Dr. Maria Montessori believed that activities aimed at strengthening and refining our five senses are a very important, though often neglected, part of a child’s education. The ability to keenly and accurately perceive the world is a core competence that benefits the person in all sorts of adult work. For example, this is self-evident in the work of the artist or poet, but also,

“Something of the same kind is true of the physician, the student of medicine, who studies theoretically the character of the pulse, and sits down by the bed of the patient with the best will in the world to read the pulse, but, if his fingers do not know how to read the sensations his studies will have been in vain. Before he can become a doctor, he must gain a capacity for discriminating between sense stimuli.” (Maria Montessori, The Montessori Method, p. 219)

Dr. Montessori believed that there is a sensitive period for sense development in early childhood, which is why it is emphasized in Children’s House. “Very often sense education is most difficult for the adult, just as it is difficult for him to educate his hand when he wishes to become a pianist. It is necessary to begin the education of the senses in the formative period, if we wish to perfect this sense development with the education which is to follow.” (p. 221)

These materials are referred to as “sensorial materials.” Below are just a few of the myriad sensorial materials in our Montessori Children’s Houses:

  • Sound Cylinders: These cylinders help the child to differentiate subtle differences in sound. The cylinders are identical in all ways except the sound they make when shaken. The child’s task is to form pairs of cylinders with identical sounds.
  • Rough and Smooth Boards: These require a child to discriminate between sandpaper boards that vary in texture. The child lines them up from smoothest to roughest.
  • Pink Tower: This task helps children to refine their perception of size. The tower consists of pink blocks that are stacked on the floor. The bottom blocks are large and get smaller by 1 cm on all sides, with the smallest block being a 1 cm cube.
  • Red Rods: These rods are identical except for length. The child arranges the rods from shortest to longest.
  • Wooden Rectangles: These are different types of smooth wood that are identical in size and shape, but vary in weight. The child feels the weight of each piece in his or her hand to identify subtle differences in weight and separates them accordingly.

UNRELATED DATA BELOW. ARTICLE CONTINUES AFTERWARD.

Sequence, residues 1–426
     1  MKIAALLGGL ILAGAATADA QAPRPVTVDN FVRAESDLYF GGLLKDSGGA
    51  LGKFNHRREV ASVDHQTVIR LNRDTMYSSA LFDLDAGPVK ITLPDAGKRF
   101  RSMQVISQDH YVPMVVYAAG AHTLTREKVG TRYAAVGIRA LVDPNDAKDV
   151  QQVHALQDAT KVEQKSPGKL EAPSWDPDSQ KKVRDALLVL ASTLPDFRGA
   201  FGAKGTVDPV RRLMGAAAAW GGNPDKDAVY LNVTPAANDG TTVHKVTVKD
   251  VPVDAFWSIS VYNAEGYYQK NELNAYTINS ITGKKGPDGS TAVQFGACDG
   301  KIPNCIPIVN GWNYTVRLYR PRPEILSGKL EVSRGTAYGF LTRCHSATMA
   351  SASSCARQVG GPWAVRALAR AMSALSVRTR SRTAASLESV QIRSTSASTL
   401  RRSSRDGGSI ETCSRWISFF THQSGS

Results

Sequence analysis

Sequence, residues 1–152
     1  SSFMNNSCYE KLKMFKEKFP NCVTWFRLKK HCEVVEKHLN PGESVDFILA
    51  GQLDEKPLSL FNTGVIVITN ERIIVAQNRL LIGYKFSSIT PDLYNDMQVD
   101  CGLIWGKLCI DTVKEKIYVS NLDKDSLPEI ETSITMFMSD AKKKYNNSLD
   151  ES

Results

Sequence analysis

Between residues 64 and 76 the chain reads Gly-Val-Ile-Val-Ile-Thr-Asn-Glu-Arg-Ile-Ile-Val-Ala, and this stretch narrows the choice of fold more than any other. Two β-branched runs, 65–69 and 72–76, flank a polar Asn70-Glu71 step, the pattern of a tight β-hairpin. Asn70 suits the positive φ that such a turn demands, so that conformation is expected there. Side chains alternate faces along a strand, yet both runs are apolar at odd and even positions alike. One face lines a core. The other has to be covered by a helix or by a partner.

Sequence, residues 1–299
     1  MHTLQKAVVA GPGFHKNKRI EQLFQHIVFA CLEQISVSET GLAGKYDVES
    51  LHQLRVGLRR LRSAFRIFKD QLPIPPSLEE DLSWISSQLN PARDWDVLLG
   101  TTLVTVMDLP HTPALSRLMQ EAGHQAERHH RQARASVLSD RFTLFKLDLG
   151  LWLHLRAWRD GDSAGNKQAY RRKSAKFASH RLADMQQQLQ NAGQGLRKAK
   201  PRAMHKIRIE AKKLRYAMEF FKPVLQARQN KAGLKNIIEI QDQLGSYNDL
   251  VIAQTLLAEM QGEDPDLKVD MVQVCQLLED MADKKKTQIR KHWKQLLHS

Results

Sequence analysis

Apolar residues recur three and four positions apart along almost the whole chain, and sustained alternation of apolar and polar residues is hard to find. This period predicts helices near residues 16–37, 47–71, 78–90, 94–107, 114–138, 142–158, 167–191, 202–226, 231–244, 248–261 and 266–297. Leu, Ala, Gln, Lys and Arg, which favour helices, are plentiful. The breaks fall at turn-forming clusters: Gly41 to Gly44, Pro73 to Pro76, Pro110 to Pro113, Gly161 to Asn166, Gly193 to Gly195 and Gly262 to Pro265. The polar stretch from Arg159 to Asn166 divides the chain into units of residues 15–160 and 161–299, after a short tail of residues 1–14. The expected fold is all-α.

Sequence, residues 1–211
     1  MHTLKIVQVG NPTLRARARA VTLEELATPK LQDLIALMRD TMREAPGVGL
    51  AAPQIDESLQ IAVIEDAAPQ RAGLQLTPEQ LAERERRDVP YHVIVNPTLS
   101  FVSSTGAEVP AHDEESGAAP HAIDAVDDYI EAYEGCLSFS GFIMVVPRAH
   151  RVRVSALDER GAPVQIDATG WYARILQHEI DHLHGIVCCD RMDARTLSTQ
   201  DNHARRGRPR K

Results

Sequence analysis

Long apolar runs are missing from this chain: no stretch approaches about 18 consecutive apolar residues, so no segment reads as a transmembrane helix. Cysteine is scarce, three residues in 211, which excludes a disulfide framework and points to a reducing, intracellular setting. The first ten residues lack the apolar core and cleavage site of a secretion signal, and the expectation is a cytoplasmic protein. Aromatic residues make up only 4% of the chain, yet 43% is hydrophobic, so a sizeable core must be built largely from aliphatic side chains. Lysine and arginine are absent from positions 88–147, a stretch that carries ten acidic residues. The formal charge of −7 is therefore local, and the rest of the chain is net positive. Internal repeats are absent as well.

You may hear your child or child’s teacher refer to his or her “work” or “works.” Works are the tasks or activities, usually using specialized materials, aimed at teaching the child a particular skill.

Dr. Montessori took seriously the activities of children, including very young children. She believed that when a child is interacting with and exploring the environment, they are going about the very business of creating themselves—developing their intellect and personality. She had great respect for this task of childhood, and developed imaginative materials for the classrooms to facilitate the process of individual growth.

Montessori understood that the child, productively occupied, was actually developing himself or herself as a person; this is the child’s “work.”

Dr. Montessori sought a way to teach writing that was less fatiguing to the student than filling pages with the sharp angles and straight lines of the typically taught alphabet.

“The child makes too painful an effort in following such an exercise. The first steps should be the easiest, and the up and down stroke, is, on the contrary, one of the most difficult of all the pen movements. Only a professional penman could fill a whole page and preserve the regularity of such strokes, but a person who writes only moderately well would be able to complete a page of presentable writing.” (Maria Montessori, The Montessori Method, p. 257)

Montessori’s students were known for their beautiful penmanship. She noticed that it is difficult for older children to write in cursive because, by the time it is introduced, they have to unlearn their already established poor penmanship habits.

“We directly prepare the child, not only for writing, but also for penmanship, paying great attention to the beauty of form (having the children touch the letters in script form) and to the flowing quality of the letters.” (p. 295-296).“

The liberty of the child is the foundation of Montessori education. Students are free to choose their own work and move around their environment. Maria Montessori was an outspoken critic of the stationary desk:

“We know only too well the sorry spectacle of the teacher who, in the ordinary schoolroom, must pour certain cut and dried facts into the heads of the scholars. In order to succeed in this barren task, she finds it necessary to discipline her pupils into immobility and to force their attention.” (Maria Montessori, The Montessori Method, p. 21)

Most Montessori environments, including those at Bluffview, provide several large tables where one or more students may work, either individually or as a small group. In addition, students may choose a work rug to lay out on the floor to define his or her own personal work space.

The freedom to move about and choose their own work helps students learn to make responsible choices. “Discipline must come through liberty,” Dr. Montessori said (p. 86). Forcing children to remain silent and still does not teach them self-control, she believed. “We call an individual disciplined when he is master of himself, and can, therefore, regulate his own conduct when it shall be necessary to follow some rule of life.”

Counter-intuitively, this freedom does not lead to a free-for-all in the classroom. Under the guidance of a competent Montessori educator, a classroom of twenty or more children (even very young ones) will be calm and orderly, with each child engaged in his or her own work. You can see this in our school videos under the Virtual Tour section of this website.